Inside the museum I chuckled to myself about how I just got hit on by a 16 year old (oh yeah, did I mention he was 16?). I was also beginning to wonder where the museum got off charging US$3.50 to look at a bunch of photographs taken by a recently dead German ethnographer when the security garud asked me how I was liking the exhibit.
Oh...muy interesante, I lied. She smiled proudly and asked me where I was from. We made small talk. She was also very concerned about what I thought about the people of San Luis Potosí, but was reassured when I told her that I couldn´t expect to meet nicer people anywhere. Her curisotiy extended to why anyone would choose to travel alone, sin familia ni amigos. She offered to fix that for the time being and jokingly ordered me to wait until her shift was over so she could take me out drinking. (At least I think she was joking). After posing for a picture that she took with her camera phone, I said chau, hasta luego, and left, grinnign and thinking that there could be no nicer people than the Posotinos.
By evening traffic in the narrow, cobblestone streets of el centro was at a stand-still. There were simply too many people walking about--families with ice cream cones and teenagers meeting up with their friends. I could physically feel the jovial spirit in the air (and the continued familiar smiles and head nods from high school boys kep my laughing)--where am I? The usual European and Gringo backpackers were replaced by young Posotino punks, complete with jet-black mohawks, skinny jeans, thick black eyeliner, and revolutionary stickers on their worn-out skateboards. I headed back to the park (the cruising park) to read before finding dinner. It was there that I met two more interesting characters.
The first was a man in his late 40s or early 50s. He walked by with a rickety bike and paused to ask me the time. In the basket attached to his handlebars he kept a bag of food scraps (most likely salvaged from various city trash cans) for his dog (named George Bush) who limped behind him soberly. Ther conversation that I had with him was positively the most interesting and frank conversation I have had with anyone in Mexico. People passing by looked at us uncomfortably, almost embarressed. They most likely assumed that he was bothering me, asking me for money (which I admit was my gringo assumption when he first approached me), and they paused as if to give me time to ask them for help.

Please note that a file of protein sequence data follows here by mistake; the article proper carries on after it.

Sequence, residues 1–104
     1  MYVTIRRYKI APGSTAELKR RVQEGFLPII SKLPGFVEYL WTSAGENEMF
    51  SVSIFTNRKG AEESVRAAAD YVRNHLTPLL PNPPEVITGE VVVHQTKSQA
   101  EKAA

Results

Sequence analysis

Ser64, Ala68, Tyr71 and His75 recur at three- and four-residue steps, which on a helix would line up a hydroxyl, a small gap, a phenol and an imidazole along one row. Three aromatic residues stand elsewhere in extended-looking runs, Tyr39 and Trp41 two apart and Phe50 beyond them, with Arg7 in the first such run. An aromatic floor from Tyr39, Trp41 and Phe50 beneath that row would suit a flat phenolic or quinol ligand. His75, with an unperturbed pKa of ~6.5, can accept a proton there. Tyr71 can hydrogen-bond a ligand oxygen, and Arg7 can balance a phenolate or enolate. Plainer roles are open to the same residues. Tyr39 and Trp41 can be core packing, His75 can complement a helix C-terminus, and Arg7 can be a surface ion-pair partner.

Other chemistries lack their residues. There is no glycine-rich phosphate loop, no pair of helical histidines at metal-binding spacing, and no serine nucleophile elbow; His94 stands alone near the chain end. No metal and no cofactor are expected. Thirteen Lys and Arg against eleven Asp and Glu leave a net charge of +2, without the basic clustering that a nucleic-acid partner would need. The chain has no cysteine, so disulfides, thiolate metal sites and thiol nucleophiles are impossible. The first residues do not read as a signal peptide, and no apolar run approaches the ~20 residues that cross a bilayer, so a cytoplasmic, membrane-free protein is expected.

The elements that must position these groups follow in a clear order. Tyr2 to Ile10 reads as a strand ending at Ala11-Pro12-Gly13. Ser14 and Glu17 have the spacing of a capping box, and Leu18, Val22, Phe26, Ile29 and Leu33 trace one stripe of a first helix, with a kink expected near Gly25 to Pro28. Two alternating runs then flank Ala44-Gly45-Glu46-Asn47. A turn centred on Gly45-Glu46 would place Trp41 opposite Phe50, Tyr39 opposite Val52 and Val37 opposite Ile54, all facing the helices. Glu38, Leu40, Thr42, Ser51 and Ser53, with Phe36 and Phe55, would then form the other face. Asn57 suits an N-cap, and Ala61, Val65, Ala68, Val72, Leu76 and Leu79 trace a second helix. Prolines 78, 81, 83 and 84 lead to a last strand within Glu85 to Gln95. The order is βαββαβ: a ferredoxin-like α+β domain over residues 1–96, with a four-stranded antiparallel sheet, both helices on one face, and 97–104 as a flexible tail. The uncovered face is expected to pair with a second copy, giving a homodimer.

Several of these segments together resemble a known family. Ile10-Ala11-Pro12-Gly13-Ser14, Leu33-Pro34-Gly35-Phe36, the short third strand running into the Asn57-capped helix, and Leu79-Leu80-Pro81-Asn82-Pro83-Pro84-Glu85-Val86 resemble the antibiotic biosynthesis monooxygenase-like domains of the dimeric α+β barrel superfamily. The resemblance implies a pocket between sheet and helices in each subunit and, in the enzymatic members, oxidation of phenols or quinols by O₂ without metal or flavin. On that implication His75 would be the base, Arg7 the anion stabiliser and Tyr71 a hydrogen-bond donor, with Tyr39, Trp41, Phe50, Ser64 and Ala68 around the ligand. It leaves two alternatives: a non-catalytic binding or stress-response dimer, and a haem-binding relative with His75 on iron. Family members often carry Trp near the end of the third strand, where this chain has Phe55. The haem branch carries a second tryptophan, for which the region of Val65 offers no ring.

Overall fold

But he was mostly interested in talking politics. He had lived in Texas for 10 years and very much liked it. He worked sin papeles (undocumented), and, to my surprise, found most people living in the US to be very likable--he even claimed that 99% of people who worked in law enforcement were buena gente. He was also a very bitter man. He talked abou the class and cultural divide between Chicanos and Mexicanos, and he wanted to remind the Chicancos that most likely their parents or grandparents were also mojados (mojado--wet back--is a derogatory term referring to economic migrants/refugees who travel north to work in the fields. They get their "backs wet" picking our fruit and vegetables. Here, he was was using the term to refer to all undocumented working Mexicanos in the States). He cursed all of the corrupt politicians of his country, claiming that one could not trust a single one. The police are even worse, he claimed. Ordinary people fear police officers. "Don´t call the police if your home gets robbed," he cautioned, "because they´ll rob you of whatever you have left!"